INTERVIEW: Astronaut Kate Rubins shares Space Camp memories with WDRB ahead of June 24 launch
We were in Louisville. She was in Moscow. But the long distances didn't keep astronaut Kate Rubins from sharing her thoughts just a few weeks ahead of her launch to the International Space Station.
LOUISVILLE, Ky. (WDRB) -- We were in Louisville. She was in Moscow. But the long distances didn't keep astronaut Kate Rubins from sharing her thoughts just a few weeks ahead of her launch to the International Space Station.
Scheduled to launch aboard a Russian Soyuz capsule on June 24, Rubins will be traveling with two other crewmates to the station as part of "Expedition 48/49."
WDRB's Travis Kircher spoke with Rubins Wednesday morning about her upcoming flight, and how her preparations began as long ago as the sixth grade. Below is a transcript of the interview:
KIRCHER: This is Travis Kircher with WDRB News. Thanks for joining us!
RUBINS: Thanks for talking to me!
KIRCHER: You're a Space Camp alumni. I'm also a 1990-Space Camper, so I have to ask you: I was wondering if you could share some of your memories of that -- talk about your mission back then -- and did you think back then that you would be doing something like this?
RUBINS: Yeah, so I went to Space Camp when I was in sixth grade, so I was on the younger side. That's right about the time where you start to think maybe a little more seriously about a career. So it was great for me to able to do activities and be able to participate in a science and engineering-type mission that felt like it was actual astronaut training. But I never had any idea this might be what I'd be doing for a career.
When I was doing Space Camp, I actually -- I wasn't crew. I thought that back room science and engineering was basically the coolest place to be, so I had a fantastic experience, and I love all of the science that goes on behind the mission.
KIRCHER: At what point did you think, "I want to become an astronaut. That’s the career choice for me"?
RUBINS: Actually, it's from the time I can remember. If you asked my parents, they'll tell you I wanted to be astronaut, and biologist, and geologist -- in that order. So it's always been something that I've wanted to do. I was factually a biologist for a number of years. That was my career before coming to NASA.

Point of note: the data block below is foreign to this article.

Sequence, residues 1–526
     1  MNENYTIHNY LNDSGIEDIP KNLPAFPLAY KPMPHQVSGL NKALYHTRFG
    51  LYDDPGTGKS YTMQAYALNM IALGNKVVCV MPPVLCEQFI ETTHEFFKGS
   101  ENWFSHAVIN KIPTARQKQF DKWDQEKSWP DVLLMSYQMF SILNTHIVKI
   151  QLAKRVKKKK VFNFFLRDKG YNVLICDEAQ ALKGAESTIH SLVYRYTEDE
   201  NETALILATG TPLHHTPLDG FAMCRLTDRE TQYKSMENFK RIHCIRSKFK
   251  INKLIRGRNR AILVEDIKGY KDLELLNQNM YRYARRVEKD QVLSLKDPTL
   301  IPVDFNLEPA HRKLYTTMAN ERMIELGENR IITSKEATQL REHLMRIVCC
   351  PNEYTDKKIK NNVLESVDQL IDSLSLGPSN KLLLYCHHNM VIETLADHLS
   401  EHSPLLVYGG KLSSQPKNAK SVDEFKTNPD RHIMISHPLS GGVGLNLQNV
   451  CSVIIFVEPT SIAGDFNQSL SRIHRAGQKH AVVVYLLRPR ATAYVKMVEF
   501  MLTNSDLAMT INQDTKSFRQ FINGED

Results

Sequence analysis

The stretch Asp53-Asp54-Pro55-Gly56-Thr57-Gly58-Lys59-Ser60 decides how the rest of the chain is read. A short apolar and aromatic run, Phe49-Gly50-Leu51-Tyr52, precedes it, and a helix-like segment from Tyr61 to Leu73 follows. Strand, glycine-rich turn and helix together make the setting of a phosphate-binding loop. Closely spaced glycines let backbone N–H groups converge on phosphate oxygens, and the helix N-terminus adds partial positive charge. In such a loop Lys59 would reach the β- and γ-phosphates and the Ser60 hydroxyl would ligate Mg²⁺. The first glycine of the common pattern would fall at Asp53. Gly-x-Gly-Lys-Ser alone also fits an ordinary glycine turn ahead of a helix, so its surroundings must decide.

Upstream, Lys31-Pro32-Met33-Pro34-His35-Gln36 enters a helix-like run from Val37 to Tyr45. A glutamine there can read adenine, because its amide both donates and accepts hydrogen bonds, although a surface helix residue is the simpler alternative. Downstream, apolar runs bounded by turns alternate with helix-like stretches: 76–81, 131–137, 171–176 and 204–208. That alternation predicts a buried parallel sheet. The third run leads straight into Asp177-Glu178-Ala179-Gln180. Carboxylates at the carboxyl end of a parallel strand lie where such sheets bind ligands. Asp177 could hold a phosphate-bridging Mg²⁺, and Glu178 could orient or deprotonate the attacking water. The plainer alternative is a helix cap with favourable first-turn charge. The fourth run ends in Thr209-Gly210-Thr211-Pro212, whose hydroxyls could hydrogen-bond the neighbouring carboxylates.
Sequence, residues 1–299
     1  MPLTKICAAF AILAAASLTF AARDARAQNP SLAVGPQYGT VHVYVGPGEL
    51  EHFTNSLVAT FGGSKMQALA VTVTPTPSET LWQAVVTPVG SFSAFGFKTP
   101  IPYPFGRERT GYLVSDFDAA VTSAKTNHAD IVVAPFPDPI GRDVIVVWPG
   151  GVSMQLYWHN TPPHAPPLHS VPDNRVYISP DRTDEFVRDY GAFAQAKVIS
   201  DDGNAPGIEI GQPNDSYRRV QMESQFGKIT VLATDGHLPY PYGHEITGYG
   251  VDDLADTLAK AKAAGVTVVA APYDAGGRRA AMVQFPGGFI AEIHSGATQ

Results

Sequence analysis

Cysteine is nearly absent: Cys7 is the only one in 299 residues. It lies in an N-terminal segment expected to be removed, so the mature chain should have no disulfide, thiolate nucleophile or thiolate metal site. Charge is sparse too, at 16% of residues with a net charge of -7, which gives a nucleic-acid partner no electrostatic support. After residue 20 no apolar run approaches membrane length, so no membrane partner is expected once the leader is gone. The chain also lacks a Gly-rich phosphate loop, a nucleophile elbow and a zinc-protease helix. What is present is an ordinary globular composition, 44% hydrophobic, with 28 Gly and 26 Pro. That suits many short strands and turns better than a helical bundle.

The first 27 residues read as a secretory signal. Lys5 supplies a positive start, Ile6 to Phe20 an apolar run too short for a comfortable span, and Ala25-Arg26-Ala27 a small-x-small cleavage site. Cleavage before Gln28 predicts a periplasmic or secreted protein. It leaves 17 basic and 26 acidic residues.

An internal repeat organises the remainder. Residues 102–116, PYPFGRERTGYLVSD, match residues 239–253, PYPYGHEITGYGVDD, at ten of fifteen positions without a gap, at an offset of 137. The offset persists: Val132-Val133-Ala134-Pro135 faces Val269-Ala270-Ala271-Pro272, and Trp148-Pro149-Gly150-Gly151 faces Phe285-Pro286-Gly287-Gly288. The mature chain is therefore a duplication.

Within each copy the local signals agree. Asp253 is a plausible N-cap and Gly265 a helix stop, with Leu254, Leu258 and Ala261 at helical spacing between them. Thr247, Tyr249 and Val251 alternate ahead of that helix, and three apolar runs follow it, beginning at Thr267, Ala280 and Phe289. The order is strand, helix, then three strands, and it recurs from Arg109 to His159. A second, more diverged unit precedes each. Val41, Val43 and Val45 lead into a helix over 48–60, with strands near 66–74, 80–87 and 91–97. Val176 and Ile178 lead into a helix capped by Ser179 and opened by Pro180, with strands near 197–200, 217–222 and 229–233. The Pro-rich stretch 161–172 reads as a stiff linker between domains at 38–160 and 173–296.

KIRCHER: You're obviously preparing to go into a very different environment. You're going to be weightless. Are you excited about that? Are you concerned about that? How do you prepare for being weightless during that time period?
RUBINS: Yeah, I think it's a little bit trickier than people recognize. It looks wonderful floating around, but you actually have to do a lot to stabilize yourself and to control yourself. And we're working up there. We are doing over 200 different science experiments on our mission and so the key thing, I think, is to get up there and learn how to be in that environment and be very efficient incredibly quickly so that we can get work done.
I think it's also fascinating because we have the opportunity, really for the first time, to study what happens to the human body in weightlessness using this array of modern molecular and cellular techniques that we've developed and brought to the International Space Station.
KIRCHER: One of the things that I see that really strikes me when I look at pictures and footage of the space station is the 'Cupula' -- that big, kind of 'fish-eye' window that kind of gives you that view of the Earth. Are there any particular landmarks or just anything in particular that you are really excite about seeing from space…?
RUBINS: Yeah -- it's an amazing facility. A lot of people do say that they spend their free time there when they're not working on a science or maintenance activity. And I think people can see really big geological landmarks. You can see mountain ranges, you can see rivers flow, you can see entire continents. So it's definitely a different perspective than you might have coming from an airplane flying over the Earth. People tend to see really large chunks of the globe at the same time. And that's very unique in the human experience.
KIRCHER: And one thing I have to do, I have to give a shout-out to our meteorologists -- Marc Weinberg, Jude Redfield, Jeremy Kappell, Rick DeLuca and Katie McGraw -- they're big fans of the space program, and they're really good about letting our viewers know about space station sighting opportunities.
So I was wondering, while you're up there, what do you want people from Louisville and southern Indiana to be thinking about when they see you fly over?
RUBINS: Yeah, there’s definitely great opportunities! You can get apps that are going to track the space station -- and I think the neat thing is, when I'm on the ground and I'm looking at the space station, is to think that this bright amazing star that's moving very fast on the sky actually has six people on it, it's got massive solar arrays, it's the size of a football field, and those people inside are conducting all kinds of scientific experiments. They may even be going outside that bright star and doing a spacewalk. To think what's actually happening up there is pretty amazing.
KIRCHER: Kate, thank you so much for doing this for us, and best wishes on your trip. Thank you very much.
RUBINS: Thank you!
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